This week’s film is quite nearly the perfect definition of a hidden gem. Director John Schlesinger’s 1967 “Far From the Madding Crowd” was an excellent adaptation of Thomas Hardy’s outstanding Victorian novel that somehow got completely overlooked when it was released in a year of more contemporary popular films like, “In the Heat of the Night,” “The Graduate,” “Bonnie and Clyde,” “Cool Hand Luke” and “Guess Who’s Coming to Dinner.”
Using a rather faithfully written screenplay by Frederic Raphael and an excellent cast of British superstars Julie Christie, Alan Bates, Peter Finch and Terrance Stamp, this nearly three-hour film was shot in Dorset, England. Schlesinger authentically recreates Hardy’s romantic tale of Bathsheba Everdene (Christie), a determined and independent, but slightly vain young woman who manages a farm she inherited from a late uncle and the three men who pursue her: the handsome young soldier Francis
“Frank” Troy (Stamp), the middle-aged and wealthy farmer William Boldwood (Finch) and the simple shepherd/farmer Gabriel Oak (Bates), all set in the fictional region of Wessex. The film was gloriously photographed by cinematographer Nicholas Roeg, who, years later, became a successful director himself.
Hardy’s themes, language and complex characters have always been a passion of mine from the first time I read Hardy’s “Return of the Native” and a selection of his poetry in an honors English class in high school. This romantic love story begins with a bearded shepherd Gabriel leading a herd of sheep over a rolling green hillside with his two border collies guiding the flock when over the horizon he sees a beautiful golden-
haired woman riding horseback toward her farmland. Later, when he finally meets up with the woman, Bathsheba, he has an important proposal to make. She refuses his hand in marriage, saying she simply does not love him.
In Schlesinger’s next sequences, Mr. Boldwood and later the dashing young soldier Sergeant Troy are introduced. A series of misfortunate events bring several of the characters closer, and when a fire destroys a part of Bathsheba’s farm, Gabriel comes to work on her farm, while Boldwood makes a visit offering his help. Servants comment to Bathsheba that many women have tried to court the bachelor Boldwood, but “he is married to his farm. No woman could touch him. It’s said he has no passionate parts.” This strangely touches Bathsheba’s vanity, and she subsequently sends Boldwood a note showing her interest in him.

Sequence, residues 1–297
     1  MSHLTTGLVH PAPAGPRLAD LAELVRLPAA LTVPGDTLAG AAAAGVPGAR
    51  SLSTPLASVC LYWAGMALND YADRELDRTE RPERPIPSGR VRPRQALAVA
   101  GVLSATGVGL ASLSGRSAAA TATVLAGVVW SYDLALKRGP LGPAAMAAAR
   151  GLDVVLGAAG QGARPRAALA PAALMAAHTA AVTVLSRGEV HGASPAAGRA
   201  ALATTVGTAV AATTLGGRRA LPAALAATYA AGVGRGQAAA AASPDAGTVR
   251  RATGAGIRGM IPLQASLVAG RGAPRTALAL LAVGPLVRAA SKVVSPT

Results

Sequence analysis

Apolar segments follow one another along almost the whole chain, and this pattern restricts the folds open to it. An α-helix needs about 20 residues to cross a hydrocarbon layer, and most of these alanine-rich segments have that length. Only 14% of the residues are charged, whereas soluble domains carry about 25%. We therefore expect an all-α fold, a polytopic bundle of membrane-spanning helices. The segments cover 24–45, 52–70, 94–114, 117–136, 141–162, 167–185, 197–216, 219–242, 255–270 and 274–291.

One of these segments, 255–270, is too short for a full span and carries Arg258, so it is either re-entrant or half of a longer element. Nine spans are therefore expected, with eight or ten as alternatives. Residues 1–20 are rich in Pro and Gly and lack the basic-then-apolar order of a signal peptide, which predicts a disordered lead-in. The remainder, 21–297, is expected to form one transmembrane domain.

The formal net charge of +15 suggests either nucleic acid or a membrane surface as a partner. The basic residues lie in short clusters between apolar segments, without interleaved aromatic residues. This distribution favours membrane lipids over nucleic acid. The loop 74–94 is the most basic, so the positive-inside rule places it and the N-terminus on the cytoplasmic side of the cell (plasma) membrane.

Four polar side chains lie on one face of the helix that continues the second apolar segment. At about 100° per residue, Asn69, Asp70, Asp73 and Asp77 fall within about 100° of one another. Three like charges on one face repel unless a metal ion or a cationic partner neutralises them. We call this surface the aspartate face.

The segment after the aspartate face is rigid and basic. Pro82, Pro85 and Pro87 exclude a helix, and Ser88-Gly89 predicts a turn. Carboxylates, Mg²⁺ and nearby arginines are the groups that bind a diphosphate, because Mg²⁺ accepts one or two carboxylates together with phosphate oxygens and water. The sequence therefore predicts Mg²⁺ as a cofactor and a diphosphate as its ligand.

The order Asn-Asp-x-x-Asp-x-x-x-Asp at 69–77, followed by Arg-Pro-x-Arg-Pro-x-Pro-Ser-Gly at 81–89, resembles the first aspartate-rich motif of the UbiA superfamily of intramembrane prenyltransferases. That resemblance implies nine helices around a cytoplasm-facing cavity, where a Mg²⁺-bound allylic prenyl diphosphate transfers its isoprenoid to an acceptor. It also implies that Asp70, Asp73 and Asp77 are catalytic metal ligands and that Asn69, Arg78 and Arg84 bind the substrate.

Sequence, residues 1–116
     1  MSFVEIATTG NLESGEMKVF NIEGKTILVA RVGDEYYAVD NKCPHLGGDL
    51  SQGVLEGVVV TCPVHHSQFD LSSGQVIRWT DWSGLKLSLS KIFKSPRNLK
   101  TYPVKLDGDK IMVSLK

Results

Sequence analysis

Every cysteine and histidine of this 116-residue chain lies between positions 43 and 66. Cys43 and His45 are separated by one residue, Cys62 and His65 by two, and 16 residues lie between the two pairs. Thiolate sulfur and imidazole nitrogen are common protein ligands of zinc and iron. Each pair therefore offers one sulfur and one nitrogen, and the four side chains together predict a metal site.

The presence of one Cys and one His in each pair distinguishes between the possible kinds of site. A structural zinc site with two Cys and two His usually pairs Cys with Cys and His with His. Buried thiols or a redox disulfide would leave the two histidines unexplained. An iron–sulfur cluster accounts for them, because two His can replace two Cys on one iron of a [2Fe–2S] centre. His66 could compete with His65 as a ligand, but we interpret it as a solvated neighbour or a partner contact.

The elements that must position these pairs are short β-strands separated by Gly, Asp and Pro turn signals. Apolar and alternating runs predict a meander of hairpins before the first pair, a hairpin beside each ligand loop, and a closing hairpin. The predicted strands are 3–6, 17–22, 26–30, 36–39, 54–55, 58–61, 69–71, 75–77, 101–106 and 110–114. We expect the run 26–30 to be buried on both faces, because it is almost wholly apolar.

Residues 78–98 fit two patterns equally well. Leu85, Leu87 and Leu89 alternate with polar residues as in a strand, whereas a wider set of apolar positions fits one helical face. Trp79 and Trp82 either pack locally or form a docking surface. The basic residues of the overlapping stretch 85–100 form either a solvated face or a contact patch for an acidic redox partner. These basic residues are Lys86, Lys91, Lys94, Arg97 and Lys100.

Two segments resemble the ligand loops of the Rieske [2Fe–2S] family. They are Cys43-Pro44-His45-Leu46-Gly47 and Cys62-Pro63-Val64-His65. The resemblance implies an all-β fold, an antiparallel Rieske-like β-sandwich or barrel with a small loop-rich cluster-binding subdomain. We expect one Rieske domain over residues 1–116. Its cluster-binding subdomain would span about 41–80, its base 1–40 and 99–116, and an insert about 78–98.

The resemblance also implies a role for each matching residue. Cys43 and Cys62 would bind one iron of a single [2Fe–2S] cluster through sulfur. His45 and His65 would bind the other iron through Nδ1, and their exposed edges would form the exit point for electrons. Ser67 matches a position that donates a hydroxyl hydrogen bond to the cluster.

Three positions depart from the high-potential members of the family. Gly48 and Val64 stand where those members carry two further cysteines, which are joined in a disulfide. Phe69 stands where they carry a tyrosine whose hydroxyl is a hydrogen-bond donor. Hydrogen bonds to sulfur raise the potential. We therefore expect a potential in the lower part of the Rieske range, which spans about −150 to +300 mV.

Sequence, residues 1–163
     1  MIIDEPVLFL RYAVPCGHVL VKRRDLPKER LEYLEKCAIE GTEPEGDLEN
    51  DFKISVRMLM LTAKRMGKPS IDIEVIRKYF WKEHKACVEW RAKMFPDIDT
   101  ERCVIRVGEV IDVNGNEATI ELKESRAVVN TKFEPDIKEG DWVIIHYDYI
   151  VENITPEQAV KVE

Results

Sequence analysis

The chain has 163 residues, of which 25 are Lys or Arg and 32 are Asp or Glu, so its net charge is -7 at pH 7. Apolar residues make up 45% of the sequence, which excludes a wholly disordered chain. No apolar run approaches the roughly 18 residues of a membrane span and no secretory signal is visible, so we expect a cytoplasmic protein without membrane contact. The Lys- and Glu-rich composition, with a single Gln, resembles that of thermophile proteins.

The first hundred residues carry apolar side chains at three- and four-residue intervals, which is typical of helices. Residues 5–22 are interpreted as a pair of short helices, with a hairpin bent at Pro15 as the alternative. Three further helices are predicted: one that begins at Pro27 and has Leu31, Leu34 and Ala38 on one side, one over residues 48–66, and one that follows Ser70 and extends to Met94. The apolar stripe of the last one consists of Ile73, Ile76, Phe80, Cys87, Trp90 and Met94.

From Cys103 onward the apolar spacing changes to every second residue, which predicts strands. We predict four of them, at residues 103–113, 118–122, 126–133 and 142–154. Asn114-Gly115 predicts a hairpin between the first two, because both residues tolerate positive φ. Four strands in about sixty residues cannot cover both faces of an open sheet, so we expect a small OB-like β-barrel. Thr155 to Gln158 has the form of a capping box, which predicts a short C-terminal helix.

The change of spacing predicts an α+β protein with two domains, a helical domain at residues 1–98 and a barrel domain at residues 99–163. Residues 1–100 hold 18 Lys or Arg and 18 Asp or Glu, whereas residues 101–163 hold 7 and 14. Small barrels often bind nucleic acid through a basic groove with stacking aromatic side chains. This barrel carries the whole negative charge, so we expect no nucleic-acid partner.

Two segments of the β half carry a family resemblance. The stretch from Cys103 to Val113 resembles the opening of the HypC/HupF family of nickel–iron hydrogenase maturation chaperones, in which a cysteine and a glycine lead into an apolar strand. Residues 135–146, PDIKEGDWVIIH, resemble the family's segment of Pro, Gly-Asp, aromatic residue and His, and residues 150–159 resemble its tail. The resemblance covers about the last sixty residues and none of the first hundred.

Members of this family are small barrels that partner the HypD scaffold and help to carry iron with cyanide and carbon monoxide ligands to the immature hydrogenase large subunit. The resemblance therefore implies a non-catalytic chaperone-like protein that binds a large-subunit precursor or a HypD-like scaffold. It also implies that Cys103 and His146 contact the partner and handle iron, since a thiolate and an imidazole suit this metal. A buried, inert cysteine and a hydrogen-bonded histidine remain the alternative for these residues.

Meanwhile, Troy returns to the village and renews his pledge to his local sweetheart Fanny, and they plan to marry within a week. But when Fanny gets confused with the location of the church where they are to get married and arrives too late for the late morning wedding, Troy claims he’s been humiliated and changes his mind.
Months later, while out walking her property late one evening, she encounters Troy, and he is immediately taken with her. He then tells her, “A woman like you does more damage than she can conceivably imagine.” And Bathsheba is enthralled by the attention of this handsome soldier, despite her servants warning that he has a reputation with many women as a heartbreaker. Soon Bathsheba and Troy secretly marry, and the jealousy proceeds as Boldwood tries to pay Troy to leave England and ever-faithful Gabriel shows disgust to her betrayal yet agrees to stay on in her employ.
After a series of more unfortunate twists of circumstances, Troy disappears after the death of Fanny, and Boldwood makes another move to win Bathsheba’s heart before the four central characters face one climactic event that seals their fates.
The performances of the four leads are outstanding. Julie Christie, as Bathsheba, is an intriguing mix of youthful feminine determination and radiant beauty, so appropriate for this classic romance. Her chemistry with Bates made the emotional aspects of this tale so palpable. Before this film, Christie was just off the twin successes of David Lean’s screen epic “Doctor Zhivago” and the 1965 Oscar for best actress in Schlesinger’s “Darling.”
In Donald Spoto’s 2007 biography “Otherwise Engaged: The Life of Alan Bates,” he notes, “No matter his (Bates’) initial indifference to the role of Gabriel Oak, his performance managed a delicate balance of the heroic with the romantic sensibility precisely right for Hardy’s honorable farmer—a determined man of the soil, uneducated but no simpleton, and simultaneously one able to love and be loved.”
And, despite a very impressive remake in 2015, with Carey Mulligan as
Bathsheba, I still find that Schlesinger’s version of “Far from the Madding Crowd” captures the passion of Hardy’s tale more effectively.